As much as this publication regrets the instances in which we are forced to go in to bat for the gutter journalism of the Daily Mail, we’re going to do so today.
Yesterday Channel Ten dragged the website, partly owned in Australia by rival Channel Nine, to court after the Mail published paparazzi pictures, shot through a hotel window, of an official photo shoot being conducted by The Daily Telegraph of Bachelorette Sam Frost and the man she chose for … something, whatever.
The Tele‘s official photo shoot was to accompany an interview being conducted by the paper (the publication wasn’t happy at losing its exclusive — its online headline: “Dear Daily Mail: Fuck You”). The pictures were posted online on the Daily Mail before the final episode and the winning man were aired, but Channel Ten managed to get the Supreme Court to issue a hasty injunction forcing the website to remove the photographs.
The injunction appears to be still in force, leading to the ridiculous situation this morning in which the Mail says it still isn’t allowed to describe what’s in the photos, while all the other websites that have been reporting on the saga are able to publish and describe the images in detail. In a statement posted to its website this morning, the Daily Mail Australia said it would fight the injunction — its spokespeople told Crikey they had nothing more to add to the statement.
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Channel Ten may argue for commercial damages stemming from the publication of the photos. But many of those who’ve reported on this have gone further, arguing there’s something inherently wrong with the “breach of privacy”. Here’s Tim Burrowes at Mumbrella:
“The invasion of privacy of long lens photographs taken into a high rise hotel may earn censure for breaching privacy principles. (There’s a public interest defence, but not an interesting-to-the public defence.)
“Regardless of whether the pair were alone in the room together or, as has been suggested, doing a photo shoot for a newspaper, there’s still a reasonable argument that they are entitled to privacy from third party photographers. Plenty of business takes place privately. It will be interesting to see what the Press Council does with it, if there is a complaint.”
In its news report, The Sydney Morning Herald took a similar line:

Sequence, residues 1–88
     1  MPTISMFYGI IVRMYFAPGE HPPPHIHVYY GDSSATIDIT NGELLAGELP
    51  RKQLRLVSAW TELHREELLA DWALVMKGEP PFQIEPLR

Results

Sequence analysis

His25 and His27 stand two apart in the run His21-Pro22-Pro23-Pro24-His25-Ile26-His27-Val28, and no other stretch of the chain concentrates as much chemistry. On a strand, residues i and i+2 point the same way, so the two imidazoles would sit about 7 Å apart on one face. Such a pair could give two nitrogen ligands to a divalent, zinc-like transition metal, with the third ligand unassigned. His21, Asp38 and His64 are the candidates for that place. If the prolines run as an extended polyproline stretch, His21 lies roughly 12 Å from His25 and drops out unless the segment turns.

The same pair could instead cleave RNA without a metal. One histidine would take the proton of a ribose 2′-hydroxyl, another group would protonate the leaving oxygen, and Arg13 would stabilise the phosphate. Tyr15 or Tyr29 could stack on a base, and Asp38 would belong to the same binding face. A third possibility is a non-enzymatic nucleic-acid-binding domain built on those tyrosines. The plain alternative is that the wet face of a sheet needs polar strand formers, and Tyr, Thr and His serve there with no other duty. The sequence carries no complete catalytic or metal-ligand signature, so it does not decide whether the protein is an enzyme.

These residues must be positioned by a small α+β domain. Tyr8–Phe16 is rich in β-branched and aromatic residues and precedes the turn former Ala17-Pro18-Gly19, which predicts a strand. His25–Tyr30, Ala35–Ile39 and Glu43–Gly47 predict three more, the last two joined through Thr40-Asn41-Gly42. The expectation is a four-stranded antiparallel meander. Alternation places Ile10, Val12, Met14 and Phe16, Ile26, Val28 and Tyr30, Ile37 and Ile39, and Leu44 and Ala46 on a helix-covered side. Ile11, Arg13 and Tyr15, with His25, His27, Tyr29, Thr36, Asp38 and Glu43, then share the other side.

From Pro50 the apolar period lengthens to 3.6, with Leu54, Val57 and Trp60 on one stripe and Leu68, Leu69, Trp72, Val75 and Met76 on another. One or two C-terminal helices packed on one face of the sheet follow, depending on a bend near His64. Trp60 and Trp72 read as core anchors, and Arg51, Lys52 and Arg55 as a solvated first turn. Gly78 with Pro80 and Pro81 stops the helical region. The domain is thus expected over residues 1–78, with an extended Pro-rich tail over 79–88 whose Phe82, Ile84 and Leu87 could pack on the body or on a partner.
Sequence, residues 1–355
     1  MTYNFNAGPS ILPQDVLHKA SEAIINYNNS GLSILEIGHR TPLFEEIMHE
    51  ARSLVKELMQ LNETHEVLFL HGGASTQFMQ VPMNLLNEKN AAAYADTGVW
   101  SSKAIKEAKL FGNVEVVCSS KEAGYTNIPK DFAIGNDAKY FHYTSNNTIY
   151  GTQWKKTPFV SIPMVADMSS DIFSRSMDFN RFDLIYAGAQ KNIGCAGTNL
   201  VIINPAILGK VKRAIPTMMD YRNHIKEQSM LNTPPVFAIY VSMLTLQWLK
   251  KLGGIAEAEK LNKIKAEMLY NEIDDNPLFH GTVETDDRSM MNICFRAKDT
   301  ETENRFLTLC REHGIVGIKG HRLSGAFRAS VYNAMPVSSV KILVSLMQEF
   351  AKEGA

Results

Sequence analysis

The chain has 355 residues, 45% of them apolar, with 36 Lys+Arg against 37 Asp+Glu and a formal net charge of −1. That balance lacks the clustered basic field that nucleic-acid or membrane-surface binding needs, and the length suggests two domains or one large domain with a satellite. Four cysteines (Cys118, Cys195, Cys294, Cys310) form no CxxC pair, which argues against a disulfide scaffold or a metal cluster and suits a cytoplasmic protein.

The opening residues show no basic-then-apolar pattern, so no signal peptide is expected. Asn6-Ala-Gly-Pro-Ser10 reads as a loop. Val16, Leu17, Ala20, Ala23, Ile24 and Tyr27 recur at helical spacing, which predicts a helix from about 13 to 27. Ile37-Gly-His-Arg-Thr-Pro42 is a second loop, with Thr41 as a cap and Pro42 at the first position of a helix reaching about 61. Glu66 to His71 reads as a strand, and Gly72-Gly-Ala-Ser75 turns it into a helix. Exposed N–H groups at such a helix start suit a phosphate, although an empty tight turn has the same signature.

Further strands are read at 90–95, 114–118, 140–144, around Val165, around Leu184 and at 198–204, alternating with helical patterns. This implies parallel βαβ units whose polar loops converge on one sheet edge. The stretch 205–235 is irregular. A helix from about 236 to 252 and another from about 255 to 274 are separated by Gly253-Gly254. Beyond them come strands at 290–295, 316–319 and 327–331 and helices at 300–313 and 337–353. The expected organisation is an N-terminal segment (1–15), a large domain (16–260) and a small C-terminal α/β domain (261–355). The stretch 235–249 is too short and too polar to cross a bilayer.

“The website could also find itself in breach of the Press Council’s code of principles, which it is a signatory of, if the photos are deemed to have intruded on the new couple’s ‘reasonable expectations of privacy’.”
What nonsense. Of all the potential privacy breaches conducted by the media yesterday, is publishing unauthorised photos of a photo shoot something we’re really going to get worked up about? Since when is refusing to play ball with someone’s PR strategy a breach of media ethics?
The media’s been more than happy to plug Channel Ten’s hit show this season. Your correspondent hasn’t been able to avoid seeing the endless recaps, commentary and heartfelt advice given to Sam Frost on her quest to choose the least awful of the dozen or so men arrayed before her this season. According to media monitoring company Isentia, over the past 10 weeks the show’s had 14,521 mentions, including 11,075 online, 1231 on television, 1381 on radio and even 834 in print. More than 10% of those mentions came in the day leading up to last night’s finale, where it had 1870 mentions.
With great publicity comes the greater chance that someone, somewhere, will go off-script. I truly doubt Channel Ten suffered any loss for the Mail spoiling the surprise. Anyone who is into The Bachelorette enough to care was always going to tune in anyway, as nearly 2 million viewers did. And if the Mail thought it was worth outraging legions of fans who didn’t want the surprise spoiled, well, that’s their choice. No one said the media has to be nice. It’s also Crikey‘s choice to give this ridiculous issue more oxygen. But frankly, if spoiling a reality show, or even, heaven forbid, another publication’s exclusive, is a breach of media ethics, we’re all cooked.